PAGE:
The graduate Horticulture program at the University of Maine is available through the School of Food and Agriculture. It is a multi-dimensional program that offers graduate students the opportunity to explore the many aspects of horticulture through course work, teaching, extension, and scholarly research. Opportunities exist in a broad range of horticultural commodities such as: ornamental plant selection and evaluation, low-temperature tolerance, landscape plant production, blueberry physiology and hardiness, greenhouse production and management, pomology, tissue culture, and weed management. Students are encouraged to participate in all aspects of the Horticulture program and develop a well-rounded curriculum of study.
Students entering the graduate Horticulture program will be required to develop an original research project in one of the many facets of horticulture. In doing so, students will have access to extensive facilities such as the horticulture greenhouses, The Lyle E. Littlefield Ornamentals Trial Garden and Research Center, tissue culture and other lab equipment, as well as several other research facilities. Also, an extensive relationship exists with local, state, national, and international horticulture professionals, and graduate students are encouraged to not only take advantage of these resources, but to also provide a conduit between the program and industry members. Prospective students are encouraged to contact a faculty member directly for more information on individual research interests and potential courses of study. Additional information concerning graduate studies in Horticulture may be obtained from Dr. Tsutomu Ohno (Graduate Coordinator) (firstname.lastname@example.org), or from the website, (http://umaine.edu/foodandagriculture/).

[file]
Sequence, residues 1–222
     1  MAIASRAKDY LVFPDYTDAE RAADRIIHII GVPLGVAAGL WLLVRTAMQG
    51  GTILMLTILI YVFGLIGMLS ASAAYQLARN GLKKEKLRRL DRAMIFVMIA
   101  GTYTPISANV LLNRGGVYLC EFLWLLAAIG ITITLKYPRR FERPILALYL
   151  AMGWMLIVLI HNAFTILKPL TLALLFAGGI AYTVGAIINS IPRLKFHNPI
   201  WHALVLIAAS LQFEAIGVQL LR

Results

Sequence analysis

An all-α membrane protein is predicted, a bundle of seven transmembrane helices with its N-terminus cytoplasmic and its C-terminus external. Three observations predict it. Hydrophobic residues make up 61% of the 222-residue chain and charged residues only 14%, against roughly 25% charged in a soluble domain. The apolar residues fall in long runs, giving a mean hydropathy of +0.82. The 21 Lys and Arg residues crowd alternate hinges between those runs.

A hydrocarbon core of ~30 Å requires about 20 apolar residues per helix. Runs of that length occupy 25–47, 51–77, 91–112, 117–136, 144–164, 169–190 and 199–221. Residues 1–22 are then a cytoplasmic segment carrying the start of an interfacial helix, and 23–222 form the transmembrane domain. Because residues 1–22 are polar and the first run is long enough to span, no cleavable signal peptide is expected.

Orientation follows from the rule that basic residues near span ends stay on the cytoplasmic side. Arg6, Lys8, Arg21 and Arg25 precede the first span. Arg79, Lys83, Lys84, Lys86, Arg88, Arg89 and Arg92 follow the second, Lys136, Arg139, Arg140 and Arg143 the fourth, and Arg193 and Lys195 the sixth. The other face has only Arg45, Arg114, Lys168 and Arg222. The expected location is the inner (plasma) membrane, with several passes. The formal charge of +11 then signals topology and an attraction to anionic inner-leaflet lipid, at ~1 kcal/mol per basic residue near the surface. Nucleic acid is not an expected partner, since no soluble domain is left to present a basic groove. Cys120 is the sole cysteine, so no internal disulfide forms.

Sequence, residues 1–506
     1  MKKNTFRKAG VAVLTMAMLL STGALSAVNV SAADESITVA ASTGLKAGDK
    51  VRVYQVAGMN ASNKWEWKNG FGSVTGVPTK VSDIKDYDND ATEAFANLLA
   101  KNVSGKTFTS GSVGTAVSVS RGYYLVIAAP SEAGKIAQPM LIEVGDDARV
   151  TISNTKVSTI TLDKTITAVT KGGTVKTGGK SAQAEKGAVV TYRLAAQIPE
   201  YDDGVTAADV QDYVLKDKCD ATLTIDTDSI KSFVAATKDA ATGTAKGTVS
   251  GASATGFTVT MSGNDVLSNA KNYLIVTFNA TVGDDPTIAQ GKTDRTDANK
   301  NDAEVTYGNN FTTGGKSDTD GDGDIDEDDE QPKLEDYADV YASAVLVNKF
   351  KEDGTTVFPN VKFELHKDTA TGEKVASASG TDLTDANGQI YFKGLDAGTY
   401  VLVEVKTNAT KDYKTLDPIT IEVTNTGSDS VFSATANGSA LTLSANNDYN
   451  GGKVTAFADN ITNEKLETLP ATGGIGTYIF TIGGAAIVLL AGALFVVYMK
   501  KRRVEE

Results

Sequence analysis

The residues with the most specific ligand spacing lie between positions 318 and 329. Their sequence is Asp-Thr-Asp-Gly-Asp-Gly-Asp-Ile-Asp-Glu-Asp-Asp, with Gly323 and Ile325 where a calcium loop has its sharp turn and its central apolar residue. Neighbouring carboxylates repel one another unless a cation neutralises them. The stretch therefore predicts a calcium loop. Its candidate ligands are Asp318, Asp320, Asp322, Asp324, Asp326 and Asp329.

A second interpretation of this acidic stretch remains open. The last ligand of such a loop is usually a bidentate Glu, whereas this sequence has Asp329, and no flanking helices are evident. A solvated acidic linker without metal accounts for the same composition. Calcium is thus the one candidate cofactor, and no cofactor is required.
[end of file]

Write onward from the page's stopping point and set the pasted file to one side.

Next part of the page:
Stephanie Burnett, Ph.D. (University of Georgia, 2004), Associate Professor of Horticulture.
Renae E. Moran, Ph.D. (University of Arkansas, May 1996) Associate Professor. Variety evaluation and postharvest fruit quality.
Bryan J. Peterson, Ph.D. (Iowa State University, 2013). Assistant Professor of Horticulture. Propagation, selection, and responsible use of woody ornamental plants. Ecology, ecophysiology, and conservation of native taxa.
David E. Yarborough, Ph.D. (Massachusetts, 1991), Professor of Horticulture. Blueberry and cranberry weed management, weed/crop ecology.